Bears

Another coaching job for John Fox? He's reportedly mulling offers for 2018

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USA TODAY

Another coaching job for John Fox? He's reportedly mulling offers for 2018

Could former Bears' head coach John Fox be back in the NFL for the 2018 season?

FOX NFL Insider Jay Glazer spoke with WGN Radio's Adam Hoge on Thursday. While Glazer is not sure if Fox will coach again, he says Fox is mulling over coaching offers.

"He's gotten some offers to be senior defensive assistant, things like that," Glazer said. "I don't know if he's going to jump into the media side of it. He's kind of mulling some offers whether or not he wants to coach.

"The coaching bug is not out of him yet."

Fox, who will turn 63 on Feb. 8, has 16 years of NFL head coaching experience in a coaching career that dates back to 1978. While his head coaching record stands at a respectable 133-123, Fox's tenure with the Bears was not as successful.

From 2015-2017, Fox's Bears went a woeful 14-34, finishing fourth in the NFC North each season. The Bears finished 1-5, 2-4 and 0-6, respectively, against conference opponents in the three-year span, including an abysmal 1-5 against the rival Green Bay Packers.

Known as a defensive coach, Fox's teams have ranked in the top 10 for total yards allowed on eight occassions (2002, 2003, 2005, 2006, 2009 with the Panthers, 2012 and 2014 with the Broncos, 2017 with the Bears). One would think he could bolster any coaching staff as a defensive assistant, at the very least.

While the Bears obviously made no trips to the playoffs under Fox, their defense became a true strength at the end of his tenure. If given the chance, Fox could be a solid addition to another NFL team's coaching staff for 2018 and beyond.

Under Center Podcast: Bears win as Eddy Pineiro bursts onto the NFL scene

Under Center Podcast: Bears win as Eddy Pineiro bursts onto the NFL scene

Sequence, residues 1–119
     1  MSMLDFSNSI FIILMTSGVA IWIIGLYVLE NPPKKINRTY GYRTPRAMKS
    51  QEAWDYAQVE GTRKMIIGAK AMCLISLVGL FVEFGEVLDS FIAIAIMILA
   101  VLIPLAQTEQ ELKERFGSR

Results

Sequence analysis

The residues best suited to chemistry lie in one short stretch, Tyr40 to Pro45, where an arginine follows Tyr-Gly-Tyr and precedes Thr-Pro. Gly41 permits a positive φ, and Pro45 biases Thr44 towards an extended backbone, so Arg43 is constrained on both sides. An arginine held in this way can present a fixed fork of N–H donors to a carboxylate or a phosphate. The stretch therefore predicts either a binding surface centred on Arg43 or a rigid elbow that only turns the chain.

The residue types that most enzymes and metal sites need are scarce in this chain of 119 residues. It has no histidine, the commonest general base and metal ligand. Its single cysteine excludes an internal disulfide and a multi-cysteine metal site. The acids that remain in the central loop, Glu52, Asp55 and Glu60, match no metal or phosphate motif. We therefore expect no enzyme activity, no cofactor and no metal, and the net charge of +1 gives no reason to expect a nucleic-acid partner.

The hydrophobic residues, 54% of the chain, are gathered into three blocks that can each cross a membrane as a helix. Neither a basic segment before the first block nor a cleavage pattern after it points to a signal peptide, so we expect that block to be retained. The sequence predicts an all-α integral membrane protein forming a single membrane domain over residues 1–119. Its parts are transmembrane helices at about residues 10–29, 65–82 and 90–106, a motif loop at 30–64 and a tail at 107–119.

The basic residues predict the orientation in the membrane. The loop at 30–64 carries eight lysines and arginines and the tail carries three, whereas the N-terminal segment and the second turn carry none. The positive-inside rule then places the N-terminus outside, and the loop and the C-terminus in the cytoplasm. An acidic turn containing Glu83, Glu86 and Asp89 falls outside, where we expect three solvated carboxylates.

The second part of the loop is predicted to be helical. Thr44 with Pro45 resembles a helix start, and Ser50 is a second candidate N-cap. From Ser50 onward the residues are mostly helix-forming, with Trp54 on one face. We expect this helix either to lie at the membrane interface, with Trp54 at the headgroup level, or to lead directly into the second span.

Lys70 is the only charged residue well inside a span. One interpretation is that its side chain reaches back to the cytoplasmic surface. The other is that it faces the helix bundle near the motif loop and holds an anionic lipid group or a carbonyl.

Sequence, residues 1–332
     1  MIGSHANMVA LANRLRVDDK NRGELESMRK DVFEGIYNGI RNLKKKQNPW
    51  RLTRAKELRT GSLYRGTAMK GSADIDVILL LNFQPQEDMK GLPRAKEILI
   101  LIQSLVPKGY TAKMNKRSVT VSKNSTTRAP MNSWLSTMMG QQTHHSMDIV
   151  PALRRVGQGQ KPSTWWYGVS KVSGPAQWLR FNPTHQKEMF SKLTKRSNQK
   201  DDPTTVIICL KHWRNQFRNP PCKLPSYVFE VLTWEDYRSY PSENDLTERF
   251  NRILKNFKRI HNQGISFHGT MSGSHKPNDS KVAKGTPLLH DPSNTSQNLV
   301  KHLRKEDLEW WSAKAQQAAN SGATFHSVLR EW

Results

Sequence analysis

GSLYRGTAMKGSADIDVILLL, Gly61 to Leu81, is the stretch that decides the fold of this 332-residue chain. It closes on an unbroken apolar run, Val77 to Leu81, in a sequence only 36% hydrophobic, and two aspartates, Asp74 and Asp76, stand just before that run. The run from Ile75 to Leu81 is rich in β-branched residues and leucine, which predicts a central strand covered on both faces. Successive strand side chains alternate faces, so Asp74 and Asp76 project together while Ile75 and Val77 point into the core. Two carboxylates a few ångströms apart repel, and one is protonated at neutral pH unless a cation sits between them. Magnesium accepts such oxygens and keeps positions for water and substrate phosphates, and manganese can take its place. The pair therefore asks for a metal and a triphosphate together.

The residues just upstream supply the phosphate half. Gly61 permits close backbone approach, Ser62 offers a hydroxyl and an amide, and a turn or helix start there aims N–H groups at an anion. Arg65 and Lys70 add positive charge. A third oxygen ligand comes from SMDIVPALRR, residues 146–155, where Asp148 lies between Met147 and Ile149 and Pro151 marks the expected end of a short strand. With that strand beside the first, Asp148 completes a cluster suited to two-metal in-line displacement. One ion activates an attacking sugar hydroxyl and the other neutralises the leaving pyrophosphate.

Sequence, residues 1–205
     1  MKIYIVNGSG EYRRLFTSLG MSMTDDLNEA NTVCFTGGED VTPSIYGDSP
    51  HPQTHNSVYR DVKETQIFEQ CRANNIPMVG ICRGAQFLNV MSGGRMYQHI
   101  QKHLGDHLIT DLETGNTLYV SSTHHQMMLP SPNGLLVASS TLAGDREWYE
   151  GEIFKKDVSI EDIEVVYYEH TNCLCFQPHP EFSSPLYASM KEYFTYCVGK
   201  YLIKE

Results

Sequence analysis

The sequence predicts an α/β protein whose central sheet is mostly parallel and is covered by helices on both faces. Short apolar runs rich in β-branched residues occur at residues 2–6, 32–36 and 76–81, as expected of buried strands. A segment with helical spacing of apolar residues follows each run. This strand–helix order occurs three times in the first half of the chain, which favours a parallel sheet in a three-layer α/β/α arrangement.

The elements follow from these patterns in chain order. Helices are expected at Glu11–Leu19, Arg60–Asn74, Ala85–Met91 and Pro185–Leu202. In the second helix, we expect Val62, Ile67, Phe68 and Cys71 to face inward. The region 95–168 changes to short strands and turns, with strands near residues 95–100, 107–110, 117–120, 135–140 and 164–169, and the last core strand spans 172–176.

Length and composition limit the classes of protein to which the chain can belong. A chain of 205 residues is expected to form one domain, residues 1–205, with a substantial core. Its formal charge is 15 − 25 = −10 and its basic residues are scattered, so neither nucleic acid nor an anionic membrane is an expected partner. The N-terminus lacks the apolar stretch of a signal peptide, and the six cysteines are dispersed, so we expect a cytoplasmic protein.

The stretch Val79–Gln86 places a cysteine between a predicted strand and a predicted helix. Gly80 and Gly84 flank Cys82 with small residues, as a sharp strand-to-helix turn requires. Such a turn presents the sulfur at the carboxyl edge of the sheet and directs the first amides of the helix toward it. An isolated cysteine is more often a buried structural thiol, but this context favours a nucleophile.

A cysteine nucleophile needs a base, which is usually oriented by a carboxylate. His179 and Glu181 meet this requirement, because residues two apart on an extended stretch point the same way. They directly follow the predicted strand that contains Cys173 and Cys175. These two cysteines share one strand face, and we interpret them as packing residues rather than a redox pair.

It wasn’t always pretty, but the Bears found a way to win on the road in Denver thanks to a wild final minute of the game.

Olin Kreutz, Lance Briggs, Alex Brown and host Laurence Holmes break down the victory and debate whether the Bears can be a legitimate Super Bowl contender playing like this. Are the Bears making any progress on offense and what are opposing defenses doing to limit Mitchell Trubisky? Plus, a look ahead to Week 3 against Washington and what the guys want to see the Bears do to get going in the right direction.

0:38 – “The Eddy Pineiro Game”

2:40 – Bears deserve credit for finding Pineiro

8:13 – Is the Bears offense making progress?

10:19 – What are offenses doing to Trubisky?

15:25 – Can the Bears be contenders playing like this?

18:12 – What’s going on in the Bears backfield?

21:40 – Expectations vs Washington next week

Listen to the entire episode here or in the embedded player below.

Under Center Podcast

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Brandon Marshall says Jay Cutler was a bad QB who lacked leadership

Brandon Marshall says Jay Cutler was a bad QB who lacked leadership

On a morning when Bears fans are balancing excitement about a Week 2 win over the Broncos with concerns for starting quarterback Mitchell Trubisky, former Bears wide receiver Brandon Marshall appeared on ESPN's First Take and blasted Chicago's previous swing at a franchise passer.

Jay Cutler, who played eight seasons with the Bears and finished his tenure with the team as the franchise record holder in almost every major passing category, ended his time in Chicago with a 51-51 record. He never quite became the franchise savior he was supposed to be. Marshall offered up some reasons why.

"I had to be the company guy with Jay Cutler," Marshall said in response to Stephen A. Smith. "Now I can talk real, Jay Cutler was bad."

Not exactly what Bears fans expected to hear on a victory Monday.

"He can make every throw, he's one of the smartest guys I've ever been around," Marshall said. "But it comes down to this heart right here, and leadership. Galvanizing the team."

Marshall provided examples of what made Cutler frustrating, citing missed throws in practice that led to Cutler blaming his receivers. Marshall said other quarterbacks he played with, like Eli Manning and Russell Wilson, would shoulder the responsibility of similarly failed plays.

He even added that he'd run through a wall for Ryan Fitzpatrick, whom he played with during his time as a Jet. It's pretty clear he wouldn't do that for Cutler.

Marshall's characterization of Cutler shouldn't come as much of a surprise. The shoulder-shrugging gunslinger was hardly ever praised for his passion or leadership skills, and that's probably why he never reached his fullest potential as an NFL quarterback.

It'll be interesting to see if Cutler replies to Marshall's comments. It's more likely, however, that he just won't care.

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